Bridging the gap

How do you respond when the pressure is on? Where do you go for comfort and help? Do you reach for the chocolates or crack open a bottle? Or do you hit out at whatever unlucky individual is nearest? When stress hits, do you go for fight or flight? Are you fists up or head down? Are you rhino or hedgehog?

What did Jesus do at the worst of times? He didn’t blame, he didn’t run, he didn’t hit out, he didn’t hide. He prayed.

Luke says, “Being in anguish, he prayed more earnestly” (Luke 22:44)

In the toughest week of his life, we see Jesus praying the longest prayers. And they weren’t navel-gazing, self-preservation prayers. They were prayers of surrender and they were prayers for us.
If you have some time in the week leading up to Easter, look at what Jesus prayed in that week of his life in John 17 because in it we have a glimpse of what God most wants for us,
“I want those you have given me to be where I am and to see my glory”.

Jesus is facing the lonely scary prospect of the Cross and how does he respond? He prays for us. He pours out his longing that we would be with him. All the blame for the Cross should be on us and Jesus is saying, Father, I want these ones who will cause such pain to be with me forever. Oh, how he loves us. If we realised how much Jesus wants us near, we would run to him today.

As I write this, I am in Wales with my boys and I can feel my happiness steadily climbing like a thermometer in the sunshine. I love it when they are with me. Yet it astonishes me that God feels the same about us. God loves to have us with him.

That’s the prayer at the crux of the Cross – God’s desire to have us with him.

A few weeks ago, I visited Rome and of course had to join the 25,000 others cramming our way into the Sistine chapel. As we walked out, my son commented on the fact that there was no joy to be seen on the painted figures that decorate the chapel. Every face was frightened or severe. It is an extraordinary visual feast but spiritually it is bereft of the gospel. The image that imprinted itself on my mind was the gap left between man and God. In Michelangelo’s world, God is ultimately untouchable.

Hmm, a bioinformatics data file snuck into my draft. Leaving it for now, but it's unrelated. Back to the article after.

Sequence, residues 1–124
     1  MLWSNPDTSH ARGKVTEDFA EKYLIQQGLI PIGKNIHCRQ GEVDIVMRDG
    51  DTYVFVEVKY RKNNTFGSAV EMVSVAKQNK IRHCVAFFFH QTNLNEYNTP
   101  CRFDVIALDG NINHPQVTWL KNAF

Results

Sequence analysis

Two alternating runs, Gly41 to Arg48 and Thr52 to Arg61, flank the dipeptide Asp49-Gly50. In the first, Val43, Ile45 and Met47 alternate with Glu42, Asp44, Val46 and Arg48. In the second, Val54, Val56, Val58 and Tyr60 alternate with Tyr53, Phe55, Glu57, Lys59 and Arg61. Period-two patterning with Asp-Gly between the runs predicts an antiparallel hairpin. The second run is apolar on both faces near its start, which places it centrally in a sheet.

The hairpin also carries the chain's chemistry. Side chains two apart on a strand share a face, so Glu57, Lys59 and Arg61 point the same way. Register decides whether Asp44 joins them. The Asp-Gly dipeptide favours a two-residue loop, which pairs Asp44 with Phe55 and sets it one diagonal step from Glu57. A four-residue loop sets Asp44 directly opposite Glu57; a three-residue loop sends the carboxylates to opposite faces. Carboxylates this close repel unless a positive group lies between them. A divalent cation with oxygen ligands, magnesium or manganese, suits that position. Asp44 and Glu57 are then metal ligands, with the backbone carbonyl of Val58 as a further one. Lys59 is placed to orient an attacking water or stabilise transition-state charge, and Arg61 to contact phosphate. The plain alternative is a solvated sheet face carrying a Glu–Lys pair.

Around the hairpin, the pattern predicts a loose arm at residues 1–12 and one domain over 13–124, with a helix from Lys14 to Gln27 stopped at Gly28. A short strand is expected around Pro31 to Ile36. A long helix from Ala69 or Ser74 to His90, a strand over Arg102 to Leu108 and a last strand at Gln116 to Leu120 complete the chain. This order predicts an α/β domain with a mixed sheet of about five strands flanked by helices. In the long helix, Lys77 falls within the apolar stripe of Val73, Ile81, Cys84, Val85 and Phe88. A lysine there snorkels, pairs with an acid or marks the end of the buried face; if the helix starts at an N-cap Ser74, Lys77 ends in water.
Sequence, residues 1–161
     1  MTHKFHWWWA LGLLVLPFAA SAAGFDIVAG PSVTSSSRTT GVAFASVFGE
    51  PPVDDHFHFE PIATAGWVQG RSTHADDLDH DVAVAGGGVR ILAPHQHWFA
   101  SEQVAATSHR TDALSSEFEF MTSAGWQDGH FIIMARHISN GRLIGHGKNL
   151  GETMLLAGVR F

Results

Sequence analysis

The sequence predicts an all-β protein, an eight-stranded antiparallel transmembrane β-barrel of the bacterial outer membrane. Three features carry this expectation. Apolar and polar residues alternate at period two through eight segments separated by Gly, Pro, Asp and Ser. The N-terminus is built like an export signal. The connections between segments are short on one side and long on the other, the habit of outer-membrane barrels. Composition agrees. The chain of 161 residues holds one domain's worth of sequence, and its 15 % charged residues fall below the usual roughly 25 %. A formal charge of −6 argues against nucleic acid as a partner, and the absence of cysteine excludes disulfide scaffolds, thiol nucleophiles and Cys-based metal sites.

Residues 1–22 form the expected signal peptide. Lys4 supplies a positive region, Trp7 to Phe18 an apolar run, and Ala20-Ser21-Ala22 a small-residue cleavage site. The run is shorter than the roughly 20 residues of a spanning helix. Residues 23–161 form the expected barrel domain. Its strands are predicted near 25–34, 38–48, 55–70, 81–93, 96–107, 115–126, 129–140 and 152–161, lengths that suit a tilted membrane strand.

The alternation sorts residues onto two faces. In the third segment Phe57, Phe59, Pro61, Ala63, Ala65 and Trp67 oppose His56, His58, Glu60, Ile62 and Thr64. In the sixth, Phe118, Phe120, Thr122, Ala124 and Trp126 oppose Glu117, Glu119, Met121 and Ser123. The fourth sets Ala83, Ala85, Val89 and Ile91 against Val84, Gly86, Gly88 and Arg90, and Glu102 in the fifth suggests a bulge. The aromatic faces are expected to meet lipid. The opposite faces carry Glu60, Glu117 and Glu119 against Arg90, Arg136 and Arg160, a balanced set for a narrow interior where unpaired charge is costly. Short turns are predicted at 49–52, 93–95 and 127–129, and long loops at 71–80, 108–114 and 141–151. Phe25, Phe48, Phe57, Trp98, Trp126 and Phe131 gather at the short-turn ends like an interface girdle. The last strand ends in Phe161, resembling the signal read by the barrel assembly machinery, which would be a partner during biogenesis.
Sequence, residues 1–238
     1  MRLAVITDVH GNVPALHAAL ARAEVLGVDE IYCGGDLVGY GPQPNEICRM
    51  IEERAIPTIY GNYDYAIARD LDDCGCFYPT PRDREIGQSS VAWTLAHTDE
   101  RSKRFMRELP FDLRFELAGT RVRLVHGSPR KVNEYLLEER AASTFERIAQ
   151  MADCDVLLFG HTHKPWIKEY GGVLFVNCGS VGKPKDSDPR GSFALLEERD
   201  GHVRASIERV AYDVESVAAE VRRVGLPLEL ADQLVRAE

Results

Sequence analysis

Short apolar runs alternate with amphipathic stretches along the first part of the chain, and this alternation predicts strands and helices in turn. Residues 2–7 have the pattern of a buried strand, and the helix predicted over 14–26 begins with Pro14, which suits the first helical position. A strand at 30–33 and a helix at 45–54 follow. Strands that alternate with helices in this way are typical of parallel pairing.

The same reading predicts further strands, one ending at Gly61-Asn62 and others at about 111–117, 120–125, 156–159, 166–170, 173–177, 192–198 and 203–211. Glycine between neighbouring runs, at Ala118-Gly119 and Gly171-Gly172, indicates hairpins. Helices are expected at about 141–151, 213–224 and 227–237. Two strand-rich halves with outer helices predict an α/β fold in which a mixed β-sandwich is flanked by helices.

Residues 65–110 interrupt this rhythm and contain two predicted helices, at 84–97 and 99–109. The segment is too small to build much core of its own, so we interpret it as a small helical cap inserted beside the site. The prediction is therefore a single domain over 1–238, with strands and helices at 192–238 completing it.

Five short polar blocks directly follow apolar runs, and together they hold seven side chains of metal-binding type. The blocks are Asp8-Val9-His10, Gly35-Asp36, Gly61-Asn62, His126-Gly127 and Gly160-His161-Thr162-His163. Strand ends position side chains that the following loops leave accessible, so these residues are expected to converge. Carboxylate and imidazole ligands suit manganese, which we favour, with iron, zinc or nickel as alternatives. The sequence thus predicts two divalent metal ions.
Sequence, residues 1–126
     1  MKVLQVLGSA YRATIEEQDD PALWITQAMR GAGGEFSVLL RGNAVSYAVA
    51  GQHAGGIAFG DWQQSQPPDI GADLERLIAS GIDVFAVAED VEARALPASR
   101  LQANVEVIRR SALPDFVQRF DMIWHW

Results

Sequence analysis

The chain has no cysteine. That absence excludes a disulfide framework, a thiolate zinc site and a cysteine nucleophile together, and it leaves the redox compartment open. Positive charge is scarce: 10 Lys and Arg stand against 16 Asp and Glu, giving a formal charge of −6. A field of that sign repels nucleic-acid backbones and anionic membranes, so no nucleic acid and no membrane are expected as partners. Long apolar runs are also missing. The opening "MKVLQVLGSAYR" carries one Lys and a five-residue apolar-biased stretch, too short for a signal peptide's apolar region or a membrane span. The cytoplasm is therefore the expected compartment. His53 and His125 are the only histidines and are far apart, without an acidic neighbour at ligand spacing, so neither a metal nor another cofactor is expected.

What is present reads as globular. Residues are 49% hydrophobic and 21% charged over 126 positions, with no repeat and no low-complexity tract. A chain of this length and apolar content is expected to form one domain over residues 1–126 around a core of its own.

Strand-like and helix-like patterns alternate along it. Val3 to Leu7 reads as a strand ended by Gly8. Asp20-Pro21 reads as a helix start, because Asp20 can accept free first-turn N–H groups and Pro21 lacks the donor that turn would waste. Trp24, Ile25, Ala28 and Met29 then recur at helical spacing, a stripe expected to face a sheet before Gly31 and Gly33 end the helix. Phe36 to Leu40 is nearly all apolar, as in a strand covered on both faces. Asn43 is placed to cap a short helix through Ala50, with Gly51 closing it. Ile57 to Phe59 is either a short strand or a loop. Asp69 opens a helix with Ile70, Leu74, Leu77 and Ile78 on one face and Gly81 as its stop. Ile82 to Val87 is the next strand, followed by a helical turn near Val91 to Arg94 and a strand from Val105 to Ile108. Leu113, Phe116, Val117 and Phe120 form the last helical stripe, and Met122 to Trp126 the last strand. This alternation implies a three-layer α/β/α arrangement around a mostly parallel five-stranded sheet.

The gospel declares that Jesus came to bridge the gap so that we can bridge it too.. He prayed so that we can pray.

Isaiah opens up the deepest mystery of all, that the cross is itself intercession,
“For he bore the sin of many,
and made intercession for the transgressors.” (Isaiah 53:12)

As Jesus hangs on the Cross, he is offering himself as a prayer, appealing to the heart of the father that our sins might be forgiven so that we might come home to be with him. The joy is that this prayer is perfectly tuned to the will of the father so the answer is a yes that rings through our eternity.

As he makes intercession by pouring out his life, he articulates it with his first words from the Cross,

“Father forgive them…”

This is is much more than his loving prayer for those around him – this is ultimately the prayer of his whole life on earth. He is born and dies that we might be forgiven, that we might be with him.

As you meditate on the Cross this Easter, consider Christ praying for you, pouring out his life to make intercession for you – that you might be forgiven, that you might be with him – and allow him to draw you near.

And next time stress hits, remember that you can pray because he did.


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